Is off road racing going through a time of change? You’d have to say yes, for a variety of reasons. The rise of the UTV classes has brought ‘off-the- shelf’ racing to the sport and in about 50 per cent of the average entry list the names are new to the sport. That’s a good thing. In the North Island the Kiwitruck youth category is going great guns, and kids are graduating into the regular classes. However, there is not much happening in some of those classes, which suggests the time is coming when we need to look seriously at structure and define exactly what makes a class viable and what makes it eligible to run at championship level. Class five, class seven, class nine are all in this situation, and class ten may be as well. The truck classes, too, could do with a closer look.
Rise of short course
One of the biggest changes emerging though is where and how we race. With Canterbury, ATR, Palmerston North and soon Manukau having their own dedicated short course tracks, and all those tracks being based on farmland of some description, racers who love the forests are finding it hard to get their fix of adrenalin. Auckland is having to jump through more and more hoops to get a course for the classic Woodhill 100; the NZ 1000 has had to move venues. We haven’t been in Gwavas for a while now, Hawke’s Bay having access to its fantastic farm race course as used in their recent national championship rounds.
Waikato has TECT Park – but that’s not really forest racing so much as racing that happens to involve blocks of land with trees on them. Nelson still has access to their great bush- clad hills for enduro racing. But overall, access to forests for any kind of motorsport is slowly becoming just too hard for organisers. That seems likely to drive the sport out onto the farms – like Waikato’s Raglan course – or at best onto mixed format tracks like the old Wild 300 in the Bay of Plenty. I reckon if you like forest racing you should make a point of having a crack at the Woodhill or the 1000 sooner rather than later. Meanwhile, our new President is making noises about getting out there too. Palmerston North has been a hive of activity in recent years as father, son and daughter race team Martin, William and Samantha van der Wal carve out a slice of truck class action.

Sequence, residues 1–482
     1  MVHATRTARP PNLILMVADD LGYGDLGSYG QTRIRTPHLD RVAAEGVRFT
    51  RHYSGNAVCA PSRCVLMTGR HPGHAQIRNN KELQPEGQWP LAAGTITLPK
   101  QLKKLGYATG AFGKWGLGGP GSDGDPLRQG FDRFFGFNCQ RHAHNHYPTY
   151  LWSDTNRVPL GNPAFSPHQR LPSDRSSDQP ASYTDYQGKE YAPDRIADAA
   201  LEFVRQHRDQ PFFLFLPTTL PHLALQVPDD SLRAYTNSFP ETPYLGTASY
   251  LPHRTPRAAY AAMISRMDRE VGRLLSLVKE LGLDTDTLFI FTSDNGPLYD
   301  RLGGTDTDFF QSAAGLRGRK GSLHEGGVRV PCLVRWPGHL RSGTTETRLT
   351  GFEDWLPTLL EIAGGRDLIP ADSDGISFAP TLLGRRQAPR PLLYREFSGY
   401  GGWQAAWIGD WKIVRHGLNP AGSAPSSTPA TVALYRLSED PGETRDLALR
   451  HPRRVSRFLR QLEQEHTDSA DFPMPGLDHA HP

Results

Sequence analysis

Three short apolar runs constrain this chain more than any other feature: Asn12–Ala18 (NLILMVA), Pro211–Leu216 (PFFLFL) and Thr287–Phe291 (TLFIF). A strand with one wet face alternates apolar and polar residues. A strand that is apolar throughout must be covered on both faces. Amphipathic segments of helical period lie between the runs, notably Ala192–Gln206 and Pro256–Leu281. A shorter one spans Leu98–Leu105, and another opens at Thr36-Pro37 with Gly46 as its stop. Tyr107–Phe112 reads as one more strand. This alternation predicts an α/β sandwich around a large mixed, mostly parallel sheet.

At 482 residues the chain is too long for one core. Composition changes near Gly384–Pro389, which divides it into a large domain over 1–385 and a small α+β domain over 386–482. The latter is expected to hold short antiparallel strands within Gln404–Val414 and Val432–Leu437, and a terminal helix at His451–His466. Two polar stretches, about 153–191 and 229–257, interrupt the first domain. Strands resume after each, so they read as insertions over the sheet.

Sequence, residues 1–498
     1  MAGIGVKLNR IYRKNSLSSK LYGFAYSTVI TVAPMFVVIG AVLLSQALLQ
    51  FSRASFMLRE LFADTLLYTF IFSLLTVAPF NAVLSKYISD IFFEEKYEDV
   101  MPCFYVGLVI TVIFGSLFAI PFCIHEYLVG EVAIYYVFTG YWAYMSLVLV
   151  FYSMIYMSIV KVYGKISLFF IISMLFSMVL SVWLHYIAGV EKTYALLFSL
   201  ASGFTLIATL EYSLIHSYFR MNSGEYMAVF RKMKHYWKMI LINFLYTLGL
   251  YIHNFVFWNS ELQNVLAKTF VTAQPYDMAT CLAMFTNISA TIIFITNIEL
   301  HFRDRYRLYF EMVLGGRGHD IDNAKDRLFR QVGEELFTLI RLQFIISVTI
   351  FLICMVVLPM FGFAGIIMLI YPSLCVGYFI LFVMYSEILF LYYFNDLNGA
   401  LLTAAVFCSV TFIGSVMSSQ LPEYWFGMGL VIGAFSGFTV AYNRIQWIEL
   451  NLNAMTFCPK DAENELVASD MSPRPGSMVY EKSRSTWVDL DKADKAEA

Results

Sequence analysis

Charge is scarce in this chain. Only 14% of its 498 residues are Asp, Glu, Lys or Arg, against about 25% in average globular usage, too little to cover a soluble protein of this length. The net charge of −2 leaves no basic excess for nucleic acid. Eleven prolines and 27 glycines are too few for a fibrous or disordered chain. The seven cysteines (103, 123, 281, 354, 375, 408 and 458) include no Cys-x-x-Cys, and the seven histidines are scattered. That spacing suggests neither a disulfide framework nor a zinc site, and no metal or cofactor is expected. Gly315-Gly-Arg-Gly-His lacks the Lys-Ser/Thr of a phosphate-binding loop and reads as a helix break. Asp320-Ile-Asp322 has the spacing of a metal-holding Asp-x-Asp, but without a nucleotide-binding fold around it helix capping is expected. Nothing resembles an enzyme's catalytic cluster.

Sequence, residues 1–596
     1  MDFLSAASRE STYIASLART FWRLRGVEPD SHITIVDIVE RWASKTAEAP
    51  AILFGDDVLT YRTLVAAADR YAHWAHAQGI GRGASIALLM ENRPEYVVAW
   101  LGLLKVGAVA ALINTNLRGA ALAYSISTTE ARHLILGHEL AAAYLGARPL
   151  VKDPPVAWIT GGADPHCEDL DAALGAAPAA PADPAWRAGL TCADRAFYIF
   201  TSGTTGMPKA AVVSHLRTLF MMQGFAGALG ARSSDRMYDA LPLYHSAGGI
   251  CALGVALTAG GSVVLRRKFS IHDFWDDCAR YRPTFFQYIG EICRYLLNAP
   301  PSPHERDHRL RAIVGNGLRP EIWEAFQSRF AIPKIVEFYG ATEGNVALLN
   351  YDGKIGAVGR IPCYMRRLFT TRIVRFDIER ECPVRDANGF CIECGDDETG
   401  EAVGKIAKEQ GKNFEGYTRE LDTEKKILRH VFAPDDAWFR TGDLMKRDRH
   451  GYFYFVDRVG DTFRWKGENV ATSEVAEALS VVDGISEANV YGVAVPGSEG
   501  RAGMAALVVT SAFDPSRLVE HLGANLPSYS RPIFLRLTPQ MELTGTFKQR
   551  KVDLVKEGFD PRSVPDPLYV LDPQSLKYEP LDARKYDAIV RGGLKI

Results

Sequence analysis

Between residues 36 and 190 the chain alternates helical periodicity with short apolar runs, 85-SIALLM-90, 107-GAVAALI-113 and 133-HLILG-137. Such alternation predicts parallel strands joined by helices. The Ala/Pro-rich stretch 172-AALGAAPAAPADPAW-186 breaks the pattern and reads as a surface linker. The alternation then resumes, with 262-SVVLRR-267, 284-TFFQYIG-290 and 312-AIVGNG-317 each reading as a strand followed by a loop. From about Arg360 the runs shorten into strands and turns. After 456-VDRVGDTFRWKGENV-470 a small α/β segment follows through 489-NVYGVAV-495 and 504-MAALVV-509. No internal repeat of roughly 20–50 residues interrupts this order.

Between them they have produced five race trucks, while the club itself has one of the higher ratios of race vehicles per head in the country: Grant ‘ Rowdy’ Rosenberg, Peter Hogg and Ivan Booth are all active in truck and race car classes. Martin’s latest truck is about to surge out of the man-cave under its own steam. It’s a class eight – everybody loves the unlimited ‘mad professor’ truck class – and is based on a modified ProLite chassis. Longer wheelbase, wider track and more suspension travel all help cope with the power of a fuel injected LS 6.0- litre Gen 4 engine, although Martin’s not telling us any numbers just yet. The torque will be impressive though, and retaining fuel injection means it will give super smooth linear grunt all the way to the higher rev range – not that you really need to wring its neck. The great thing about engines like these is you don’t have to punish them to be ripping up the road.
A huge help
Martin says Warren Adams at 4WD Bits has been a huge help sourcing the right components for the new truck, which has yet to acquire a name. It runs FOA bypass shock absorbers, Trail Gear power steering and beadlock rims, and that big Chev engine is managed by a Link ECU, set up on the dyno by Keith Stewart. The engine is fed from a 160 litre JRC fuel cell. The grunt runs through every racer’s favourite transmission, a Turbo 400 auto, then to a Nissan Patrol diff. The new truck will be clad in Toyota Tundra panels made in- house. Martin reckons it has taken around 700 hours to finish. He says the build is high spec where it counts – but he’s built the truck to a budget ‘ to keep the fun factor alive’. Those Palmie boys know how to do that!
ORANZ President Martin van der Wal’s new Class 8 truck.